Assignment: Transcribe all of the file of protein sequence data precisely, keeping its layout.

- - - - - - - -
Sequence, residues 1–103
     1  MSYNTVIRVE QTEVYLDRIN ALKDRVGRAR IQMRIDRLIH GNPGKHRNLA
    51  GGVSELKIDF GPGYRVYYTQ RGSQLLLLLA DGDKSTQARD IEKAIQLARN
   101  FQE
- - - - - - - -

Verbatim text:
Sequence, residues 1–103
     1  MSYNTVIRVE QTEVYLDRIN ALKDRVGRAR IQMRIDRLIH GNPGKHRNLA
    51  GGVSELKIDF GPGYRVYYTQ RGSQLLLLLA DGDKSTQARD IEKAIQLARN
   101  FQE